‘Soon the sky turned rough charcoal like the barbeque when Ron forgot to clean it.’
‘He shouldn’t have bothered having a go at fried rice because he never knew how much soy sauce and how many peas.’
‘Your father is under a lot of pressure,’ his mum says, and Peter wonders, if UFOs exist, can they see in windows? 
We. Are. Family reverberates with details, with specifics.
A word about MidnightSun. Independent publishing is a hard slog, and so often a thankless task. But if we want the national conversation to actually be a national conversation, we need small independent publishers at least as much as — probably more than — we need Penguin Random House. We need different gatekeepers with different models and priorities. Not least, we need different ideas about what constitutes (that dirty word) ‘excellence’. And we need publishers — more than a few — who do not operate out of, and think differently to, Sydney or Melbourne (much as, of course, we love Sydney and Melbourne people). Diversity doesn’t happen by us waving our arms about and hoping for the best. So I thank MidnightSun for fighting the good fight.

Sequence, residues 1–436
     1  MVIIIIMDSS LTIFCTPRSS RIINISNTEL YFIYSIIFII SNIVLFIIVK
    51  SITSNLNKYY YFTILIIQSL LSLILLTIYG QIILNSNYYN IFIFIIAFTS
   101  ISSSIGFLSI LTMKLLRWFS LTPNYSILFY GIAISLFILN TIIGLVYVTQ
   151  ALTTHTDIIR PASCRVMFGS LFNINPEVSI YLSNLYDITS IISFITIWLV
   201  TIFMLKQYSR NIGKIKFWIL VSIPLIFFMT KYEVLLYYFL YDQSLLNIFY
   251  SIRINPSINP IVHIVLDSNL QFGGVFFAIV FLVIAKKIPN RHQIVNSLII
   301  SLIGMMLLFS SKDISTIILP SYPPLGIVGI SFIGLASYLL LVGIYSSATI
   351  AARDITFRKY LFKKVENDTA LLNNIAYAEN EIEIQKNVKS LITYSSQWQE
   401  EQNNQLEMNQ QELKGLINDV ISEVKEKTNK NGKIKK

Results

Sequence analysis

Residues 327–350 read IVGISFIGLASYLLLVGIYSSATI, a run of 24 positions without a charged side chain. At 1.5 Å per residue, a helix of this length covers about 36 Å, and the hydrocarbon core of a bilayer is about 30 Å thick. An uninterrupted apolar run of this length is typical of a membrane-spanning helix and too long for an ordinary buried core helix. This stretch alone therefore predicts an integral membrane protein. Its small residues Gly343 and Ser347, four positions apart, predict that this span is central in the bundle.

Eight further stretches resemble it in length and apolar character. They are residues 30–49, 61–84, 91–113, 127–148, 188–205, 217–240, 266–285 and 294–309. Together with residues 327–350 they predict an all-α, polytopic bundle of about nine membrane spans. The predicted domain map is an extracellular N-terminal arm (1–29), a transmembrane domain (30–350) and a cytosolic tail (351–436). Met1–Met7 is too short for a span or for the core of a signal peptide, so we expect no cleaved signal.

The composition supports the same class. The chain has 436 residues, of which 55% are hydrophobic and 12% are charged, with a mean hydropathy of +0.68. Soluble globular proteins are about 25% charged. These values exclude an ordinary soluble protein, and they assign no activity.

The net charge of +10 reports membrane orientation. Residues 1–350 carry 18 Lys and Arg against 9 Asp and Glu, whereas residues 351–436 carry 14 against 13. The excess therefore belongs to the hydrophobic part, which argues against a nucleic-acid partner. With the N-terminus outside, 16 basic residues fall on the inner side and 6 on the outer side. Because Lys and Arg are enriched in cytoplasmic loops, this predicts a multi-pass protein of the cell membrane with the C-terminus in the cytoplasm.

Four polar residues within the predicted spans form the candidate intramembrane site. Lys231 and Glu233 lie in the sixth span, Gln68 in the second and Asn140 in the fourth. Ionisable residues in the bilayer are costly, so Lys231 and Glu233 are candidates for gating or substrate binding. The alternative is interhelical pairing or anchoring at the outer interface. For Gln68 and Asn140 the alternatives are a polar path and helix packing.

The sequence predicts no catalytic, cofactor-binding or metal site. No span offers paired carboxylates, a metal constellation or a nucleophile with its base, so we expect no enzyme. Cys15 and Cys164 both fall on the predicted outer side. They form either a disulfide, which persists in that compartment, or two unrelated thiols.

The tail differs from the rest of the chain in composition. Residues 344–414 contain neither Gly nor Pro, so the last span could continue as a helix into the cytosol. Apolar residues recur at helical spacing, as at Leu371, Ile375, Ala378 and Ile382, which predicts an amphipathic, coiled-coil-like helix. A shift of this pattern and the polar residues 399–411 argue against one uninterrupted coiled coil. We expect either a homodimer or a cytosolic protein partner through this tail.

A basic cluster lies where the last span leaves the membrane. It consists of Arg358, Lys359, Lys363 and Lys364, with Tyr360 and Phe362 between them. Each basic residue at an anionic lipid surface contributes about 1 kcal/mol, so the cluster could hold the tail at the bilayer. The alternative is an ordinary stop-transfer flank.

And I thank MidnightSun for publishing this book … We. Are. Family is a novel that has a great deal to say about Australia, not all of it pleasant, but it is not a novel that preaches or condemns. The characters are often in conflict, with themselves or with others. They sometimes seem to crave peace, but just as often they seem to go out of their way to scupper peace. The Sister Sledge song ‘We are family’ has become a celebrated anthem for solidarity. The novel We. Are. Family offers an ambiguous, tense, fractured solidarity … but still a solidarity of sorts. I commend it to you. Buy it, read it, think about it, talk back to it.